Abu Dhabi: British Open champion Ernie Els is “excited” about making his debut at next week’s Abu Dhabi HSBC Championship, and is approaching it with confidence given his fine record in the Middle East.
The four-time major winner claimed his first European Tour title in the region, the Dubai Desert Classic in 1994, the first of three successes at the tournament.
He also emerged victorious at the 2005 Qatar Masters and is now eager to add the Abu Dhabi title to his Middle Eastern trophy haul.
Els confirmed his participation at the capital event last month, and will be contesting the Falcon trophy alongside leading players such as world No 1 Rory McIlroy, Tiger Woods, Justin Rose and Jason Dufner.
Of his appearance at the tournament, which takes place between January 17 and 20, the South African said: “It feels like a good way to start my 2013 schedule. I have been playing in the Middle East for 20 years now and I won my first ever European Tour title there. I have a lot of fond memories from my time in this part of the world and made a lot of friends, too. This is my first appearance in Abu Dhabi and I’m excited about it. It would be great to add this title to my Middle East collection.”
Els has been recharging his batteries in South Africa following a year in which he recaptured former glories by winning the British Open in stunning fashion at Royal Lytham and St Annes.
He took advantage of a final-round collapse from leader Adam Scott and overhauled a six-shot deficit to beat the Australian into second place.
It was a timely return to form for Els, whose struggles led to him slipping out of the world’s top 50 for the first time since 1993 in 2011.
Els feels his game is “in good shape” as he enters 2013, having ended the year exhausted from a busy schedule following his Open win.
He added: “I felt like I ran out of steam a little bit towards the end of 2012. I never really had the break that I needed after winning the Open. Not that I’m complaining; it was a wonderful time. But it was nice to recharge the batteries back in South Africa and then come back fresh again in January.”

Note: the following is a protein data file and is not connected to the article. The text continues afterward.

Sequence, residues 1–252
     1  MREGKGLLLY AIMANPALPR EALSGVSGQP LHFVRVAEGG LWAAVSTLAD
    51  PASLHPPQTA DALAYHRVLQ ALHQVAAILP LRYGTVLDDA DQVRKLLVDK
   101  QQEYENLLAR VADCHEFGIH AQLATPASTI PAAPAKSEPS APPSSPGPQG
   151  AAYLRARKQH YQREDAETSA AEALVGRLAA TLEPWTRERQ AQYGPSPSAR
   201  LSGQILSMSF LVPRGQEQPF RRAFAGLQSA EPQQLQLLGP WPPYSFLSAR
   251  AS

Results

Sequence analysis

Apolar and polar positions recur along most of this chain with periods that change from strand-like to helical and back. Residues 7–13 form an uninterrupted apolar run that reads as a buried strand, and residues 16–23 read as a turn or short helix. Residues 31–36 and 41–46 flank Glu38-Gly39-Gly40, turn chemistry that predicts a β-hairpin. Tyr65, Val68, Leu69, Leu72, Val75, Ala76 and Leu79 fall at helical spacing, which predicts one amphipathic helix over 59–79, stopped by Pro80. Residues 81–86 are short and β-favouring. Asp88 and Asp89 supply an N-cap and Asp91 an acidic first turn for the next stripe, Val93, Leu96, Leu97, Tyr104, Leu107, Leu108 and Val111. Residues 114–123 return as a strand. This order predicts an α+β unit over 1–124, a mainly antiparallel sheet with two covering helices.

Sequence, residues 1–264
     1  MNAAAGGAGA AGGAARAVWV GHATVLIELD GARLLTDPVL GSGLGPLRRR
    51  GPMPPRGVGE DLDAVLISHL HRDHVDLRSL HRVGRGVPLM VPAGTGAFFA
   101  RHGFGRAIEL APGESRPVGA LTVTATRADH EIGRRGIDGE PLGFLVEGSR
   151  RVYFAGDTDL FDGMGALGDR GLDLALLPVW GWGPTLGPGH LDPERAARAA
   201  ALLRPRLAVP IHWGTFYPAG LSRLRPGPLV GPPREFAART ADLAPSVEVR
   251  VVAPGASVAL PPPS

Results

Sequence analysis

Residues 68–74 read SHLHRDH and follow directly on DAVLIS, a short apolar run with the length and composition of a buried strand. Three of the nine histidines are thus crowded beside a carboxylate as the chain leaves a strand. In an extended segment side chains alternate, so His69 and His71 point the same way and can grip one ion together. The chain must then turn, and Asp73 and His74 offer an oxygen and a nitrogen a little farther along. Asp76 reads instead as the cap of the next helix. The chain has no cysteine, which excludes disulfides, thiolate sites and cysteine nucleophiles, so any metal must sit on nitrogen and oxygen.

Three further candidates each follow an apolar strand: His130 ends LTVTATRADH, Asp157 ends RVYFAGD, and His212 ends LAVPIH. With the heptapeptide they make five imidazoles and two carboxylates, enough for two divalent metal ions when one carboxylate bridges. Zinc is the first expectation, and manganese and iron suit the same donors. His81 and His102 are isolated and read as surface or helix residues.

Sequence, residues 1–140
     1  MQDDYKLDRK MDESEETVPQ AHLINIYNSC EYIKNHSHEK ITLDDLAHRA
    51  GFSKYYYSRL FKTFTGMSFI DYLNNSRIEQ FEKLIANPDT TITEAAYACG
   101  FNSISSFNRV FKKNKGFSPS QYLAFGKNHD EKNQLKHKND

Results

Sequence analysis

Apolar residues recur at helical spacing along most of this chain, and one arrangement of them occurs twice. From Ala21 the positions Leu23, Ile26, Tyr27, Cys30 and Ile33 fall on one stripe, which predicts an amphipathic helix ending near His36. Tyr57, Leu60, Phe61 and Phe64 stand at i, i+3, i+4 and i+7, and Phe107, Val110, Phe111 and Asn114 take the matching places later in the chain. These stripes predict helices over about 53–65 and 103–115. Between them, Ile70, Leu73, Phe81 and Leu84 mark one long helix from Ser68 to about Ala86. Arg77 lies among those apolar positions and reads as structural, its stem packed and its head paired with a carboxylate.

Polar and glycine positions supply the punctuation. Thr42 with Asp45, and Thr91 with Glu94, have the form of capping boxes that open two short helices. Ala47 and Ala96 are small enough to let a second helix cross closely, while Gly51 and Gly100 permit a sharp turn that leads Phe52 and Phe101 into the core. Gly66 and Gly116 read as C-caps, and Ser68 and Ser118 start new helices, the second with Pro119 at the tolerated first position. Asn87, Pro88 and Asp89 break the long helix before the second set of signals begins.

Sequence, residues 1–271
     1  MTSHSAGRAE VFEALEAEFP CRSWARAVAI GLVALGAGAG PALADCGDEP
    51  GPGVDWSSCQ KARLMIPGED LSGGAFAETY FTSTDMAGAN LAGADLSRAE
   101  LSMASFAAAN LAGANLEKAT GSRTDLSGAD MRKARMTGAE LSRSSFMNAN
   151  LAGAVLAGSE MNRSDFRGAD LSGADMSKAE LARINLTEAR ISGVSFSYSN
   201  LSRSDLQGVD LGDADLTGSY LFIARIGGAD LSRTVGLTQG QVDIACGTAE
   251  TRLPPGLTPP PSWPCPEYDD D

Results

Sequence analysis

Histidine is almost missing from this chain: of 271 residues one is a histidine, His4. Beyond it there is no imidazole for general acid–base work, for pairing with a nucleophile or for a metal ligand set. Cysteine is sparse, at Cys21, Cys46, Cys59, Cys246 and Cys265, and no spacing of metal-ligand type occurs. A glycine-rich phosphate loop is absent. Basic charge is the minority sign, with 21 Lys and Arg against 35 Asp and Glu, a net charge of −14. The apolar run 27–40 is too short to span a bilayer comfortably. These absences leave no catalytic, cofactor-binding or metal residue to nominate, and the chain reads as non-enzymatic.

At the age of 43, the man known as “The Big Easy” due to his laidback demeanour and languid swing, may be approaching the twilight of his career, but he insists he has not lost his hunger for success.
He says adding to his four major trophies remains his “main focus”.
He said: “I’m guaranteed a spot in all four majors for the next five years, so that’s a lot of opportunities, and we have some great venues coming up. I like to think I can still add to my major tally. That’s my main focus.”
As a young player, Els said he never had a target in mind in terms of major wins.
“For as long as I can remember, I always wanted to win the career Grand Slam, just like my boyhood hero Gary Player did,” he said. “To be honest, just to have emulated something of what he achieved is a big deal for me. It’s been a long journey and a great ride, but hopefully I’m not done yet. I feel like I have some more wins in me yet.”
The affable South African says not much has changed in his game from his glory days of winning back-to-back European Tour money-list titles in 2003 and 2004.
He said: “Tee to green, not much has changed. I swing it pretty good still and I’ve kept myself in decent shape physically. Obviously there was a tough 18 months on the greens. I was switching putters maybe a bit too often, but we eventually converted to the belly putter, and once we got that figured out it made a difference. You start making more of those six, seven footers and you believe you can win again.”
In the last decade, several South African players have risen to international prominence to emulate the feats of Els and Gary Player before him.
Els doesn’t want to take all the credit for inspiring the likes of Louis Oosthuizen, Charl Schwartzel and Branden Grace, though.
He said: “It [the South African success in golf] is due to a lot of things. We have some great junior golf programmes in South Africa, which is a big factor. Obviously the weather is great, and yeah, we all need heroes to inspire us. I had Gary Player. Then Retief Goosen and myself, we played our part. Young kids now will be looking at guys like Louis [Oosthuizen], Charl [Schwartzel] and Branden [Grace] and wanting to be just like them.”